At Summerland, we have a variety of experienced behavior coaches, licensed therapists, and/or social workers who provide group therapy sessions. We offer a summer camp option, year-round adventure trips, and an online behavior coaching option. Our campers unplug, connect with friends and nature, and learn new skills and healthy habits. They gain memories, community, and self-esteem and go home feeling happier and healthier than they’ve ever known possible. Summerland Camps aims to set campers on a path of health and fitness that will last a lifetime. Campers range from ages 7-18 to young adults 18-21.
The primary focus of Summerland is to help campers learn how to manage screen use (video games and social media) using self-regulation skills.
Individual Therapy Sessions
Extra Support With a Behavior Coach Most campers that come to Summerland Camps have already tried individual therapy and for some reason, it didn’t work, or the progress was too slow, or it just wasn’t the level of help they needed. At Summerland Camps, we help campers get ready to fully benefit from individual therapy upon discharge from camp by showing them the positive benefits of being screen-free. While individual therapy sessions are not conducted at Summerland, behavior Coaching sessions typically occur weekly and for campers who need it, more frequent interventions are common. Behavior coaching sessions are an opportunity for a camper to check in with a mental health professional while at camp to discuss how the behavioral change process is working for them, any homesickness issues, and anything else the camp process may have brought up for them.
Behavioral Coaching versus Individual Therapy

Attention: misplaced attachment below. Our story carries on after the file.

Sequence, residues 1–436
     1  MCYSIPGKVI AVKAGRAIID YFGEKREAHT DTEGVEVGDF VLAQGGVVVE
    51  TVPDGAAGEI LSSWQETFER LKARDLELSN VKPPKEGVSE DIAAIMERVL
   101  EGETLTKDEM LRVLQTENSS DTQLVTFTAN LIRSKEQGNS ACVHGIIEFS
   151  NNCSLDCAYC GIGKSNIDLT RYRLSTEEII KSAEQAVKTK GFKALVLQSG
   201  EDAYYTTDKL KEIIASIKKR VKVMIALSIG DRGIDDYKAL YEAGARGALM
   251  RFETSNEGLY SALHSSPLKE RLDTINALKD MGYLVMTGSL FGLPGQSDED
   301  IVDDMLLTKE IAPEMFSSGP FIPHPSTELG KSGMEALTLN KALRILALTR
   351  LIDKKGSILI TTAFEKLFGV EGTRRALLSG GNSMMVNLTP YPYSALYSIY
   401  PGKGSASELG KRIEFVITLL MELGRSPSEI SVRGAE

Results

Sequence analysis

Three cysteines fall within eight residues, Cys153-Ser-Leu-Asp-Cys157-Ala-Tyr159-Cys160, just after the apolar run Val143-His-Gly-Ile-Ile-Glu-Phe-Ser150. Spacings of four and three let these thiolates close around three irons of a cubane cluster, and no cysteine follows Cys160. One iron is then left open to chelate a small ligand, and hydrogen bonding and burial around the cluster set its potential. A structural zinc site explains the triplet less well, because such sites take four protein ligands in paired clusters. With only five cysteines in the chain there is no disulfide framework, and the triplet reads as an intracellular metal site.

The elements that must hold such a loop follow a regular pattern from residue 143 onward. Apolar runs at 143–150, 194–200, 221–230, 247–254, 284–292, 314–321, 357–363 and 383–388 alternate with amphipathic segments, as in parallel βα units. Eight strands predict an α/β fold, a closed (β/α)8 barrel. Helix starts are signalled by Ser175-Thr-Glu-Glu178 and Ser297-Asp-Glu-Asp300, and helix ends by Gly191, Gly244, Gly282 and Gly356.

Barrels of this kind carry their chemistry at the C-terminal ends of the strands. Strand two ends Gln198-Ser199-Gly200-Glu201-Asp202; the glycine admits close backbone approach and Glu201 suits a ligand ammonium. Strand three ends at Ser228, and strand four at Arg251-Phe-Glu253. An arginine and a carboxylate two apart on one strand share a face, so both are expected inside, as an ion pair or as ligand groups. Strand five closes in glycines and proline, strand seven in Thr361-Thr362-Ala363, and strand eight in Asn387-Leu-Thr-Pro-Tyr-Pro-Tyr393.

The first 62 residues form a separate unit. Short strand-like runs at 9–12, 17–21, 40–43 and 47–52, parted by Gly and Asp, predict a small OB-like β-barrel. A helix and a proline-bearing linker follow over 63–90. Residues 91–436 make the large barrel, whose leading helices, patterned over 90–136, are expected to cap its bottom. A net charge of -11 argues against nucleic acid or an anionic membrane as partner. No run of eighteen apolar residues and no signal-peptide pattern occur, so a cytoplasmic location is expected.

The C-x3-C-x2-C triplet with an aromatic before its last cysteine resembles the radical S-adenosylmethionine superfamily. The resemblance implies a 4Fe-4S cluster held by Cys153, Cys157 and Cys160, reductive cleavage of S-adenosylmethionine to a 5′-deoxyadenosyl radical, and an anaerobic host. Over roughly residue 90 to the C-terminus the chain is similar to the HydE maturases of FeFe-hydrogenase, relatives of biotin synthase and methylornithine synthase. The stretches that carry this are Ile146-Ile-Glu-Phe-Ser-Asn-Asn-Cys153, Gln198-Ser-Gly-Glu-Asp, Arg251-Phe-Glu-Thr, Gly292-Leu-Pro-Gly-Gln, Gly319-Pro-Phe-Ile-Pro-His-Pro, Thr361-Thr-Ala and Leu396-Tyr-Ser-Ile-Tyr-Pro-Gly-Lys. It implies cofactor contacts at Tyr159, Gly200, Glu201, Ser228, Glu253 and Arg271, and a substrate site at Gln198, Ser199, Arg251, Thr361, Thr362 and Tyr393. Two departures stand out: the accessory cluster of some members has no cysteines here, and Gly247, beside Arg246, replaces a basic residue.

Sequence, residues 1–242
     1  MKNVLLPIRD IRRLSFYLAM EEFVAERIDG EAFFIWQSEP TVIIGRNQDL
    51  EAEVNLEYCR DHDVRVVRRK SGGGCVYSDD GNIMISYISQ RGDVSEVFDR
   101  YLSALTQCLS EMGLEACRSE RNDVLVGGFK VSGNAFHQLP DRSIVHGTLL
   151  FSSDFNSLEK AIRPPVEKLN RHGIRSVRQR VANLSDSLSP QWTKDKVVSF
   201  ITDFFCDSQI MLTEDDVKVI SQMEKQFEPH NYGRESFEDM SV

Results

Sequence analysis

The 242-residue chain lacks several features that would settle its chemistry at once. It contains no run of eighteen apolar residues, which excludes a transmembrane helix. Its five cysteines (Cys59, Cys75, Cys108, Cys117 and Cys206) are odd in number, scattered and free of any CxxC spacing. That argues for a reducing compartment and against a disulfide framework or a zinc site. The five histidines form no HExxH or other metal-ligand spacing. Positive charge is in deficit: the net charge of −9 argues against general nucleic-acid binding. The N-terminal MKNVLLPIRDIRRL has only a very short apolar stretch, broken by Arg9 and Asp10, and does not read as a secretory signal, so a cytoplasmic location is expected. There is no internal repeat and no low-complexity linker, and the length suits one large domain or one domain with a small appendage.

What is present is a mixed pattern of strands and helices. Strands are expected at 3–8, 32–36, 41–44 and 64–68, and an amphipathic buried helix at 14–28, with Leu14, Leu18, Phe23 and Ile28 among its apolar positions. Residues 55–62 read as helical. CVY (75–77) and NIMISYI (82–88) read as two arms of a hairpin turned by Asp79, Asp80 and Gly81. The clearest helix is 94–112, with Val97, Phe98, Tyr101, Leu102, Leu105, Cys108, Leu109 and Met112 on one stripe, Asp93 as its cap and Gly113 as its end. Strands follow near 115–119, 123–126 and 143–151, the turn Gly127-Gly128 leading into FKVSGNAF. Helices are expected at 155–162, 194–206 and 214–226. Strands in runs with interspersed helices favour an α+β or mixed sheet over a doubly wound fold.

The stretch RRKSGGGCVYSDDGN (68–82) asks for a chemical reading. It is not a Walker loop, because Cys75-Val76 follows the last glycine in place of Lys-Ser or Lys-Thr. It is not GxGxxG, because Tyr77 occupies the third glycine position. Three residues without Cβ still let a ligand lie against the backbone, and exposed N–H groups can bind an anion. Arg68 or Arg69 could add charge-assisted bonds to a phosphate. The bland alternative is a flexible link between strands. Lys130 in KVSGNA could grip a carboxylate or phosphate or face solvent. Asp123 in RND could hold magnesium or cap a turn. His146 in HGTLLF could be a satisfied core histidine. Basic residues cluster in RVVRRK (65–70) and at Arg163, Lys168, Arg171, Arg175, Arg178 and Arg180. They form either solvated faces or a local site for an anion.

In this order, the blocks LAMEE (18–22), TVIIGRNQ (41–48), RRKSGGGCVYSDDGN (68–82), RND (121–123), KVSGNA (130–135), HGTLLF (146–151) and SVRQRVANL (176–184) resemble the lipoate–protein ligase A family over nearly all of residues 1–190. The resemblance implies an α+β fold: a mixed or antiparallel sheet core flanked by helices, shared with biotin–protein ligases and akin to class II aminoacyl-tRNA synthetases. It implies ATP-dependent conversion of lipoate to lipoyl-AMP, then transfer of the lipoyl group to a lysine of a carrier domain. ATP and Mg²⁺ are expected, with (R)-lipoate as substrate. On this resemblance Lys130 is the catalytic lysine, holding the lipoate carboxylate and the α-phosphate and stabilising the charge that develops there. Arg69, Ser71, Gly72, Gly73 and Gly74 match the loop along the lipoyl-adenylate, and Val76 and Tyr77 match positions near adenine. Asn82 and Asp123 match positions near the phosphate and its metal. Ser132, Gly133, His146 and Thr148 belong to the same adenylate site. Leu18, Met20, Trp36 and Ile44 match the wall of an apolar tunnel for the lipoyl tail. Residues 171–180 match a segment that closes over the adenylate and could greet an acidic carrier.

There are some distinct differences between what we call “behavioral coaching” and typical individual therapy. Because Summerland Camps were built on the premise that effective change only comes from within, we base our program around a coaching philosophy. Problem behaviors such as excessive gaming, abuse of social media, TV binge-watching, and so on are often best conceptualized as, “behavioral habits.” The best way to change a habit is to learn and practice new behaviors. Our front-line staff at Summerland Camps are all referred to as “coaches.” In this way, it sets up a mentality that the campers are all part of the same team, and that their coach is helping them learn new skills and strategies. It also serves to destigmatize the behavior change process.
Therapeutic Summer Camp for Boys and Girls
Through the intervention of a coach, campers at our therapeutic summer camp learn new sports, and new hobbies, and develop a wide range of interests. Campers participate in the same activities but at different times. In the evening, there are often all-camp events like dances and shows where the entire camp get together. Our coaches always focus on fundamentals so that everyone can learn the basics of a new activity. Even for sports most people know like soccer and volleyball, we focus on basic ball handling skills and the rules of the game so that no one is left out. Our coaches also spend the majority of the time with the campers – much more so that our licensed therapists. When they see a camper having a problem with other campers, they can intervene in the moment by calling, “Time out!” just like in a sporting event. Campers are offered other ways to look at a situation, and an opportunity to try new behaviors. This is where the magic of behavioral change happens- in the moment with the opportunity to develop insight and build new habits- not by sitting on a couch talking about the past, especially if the child is resistant to therapy.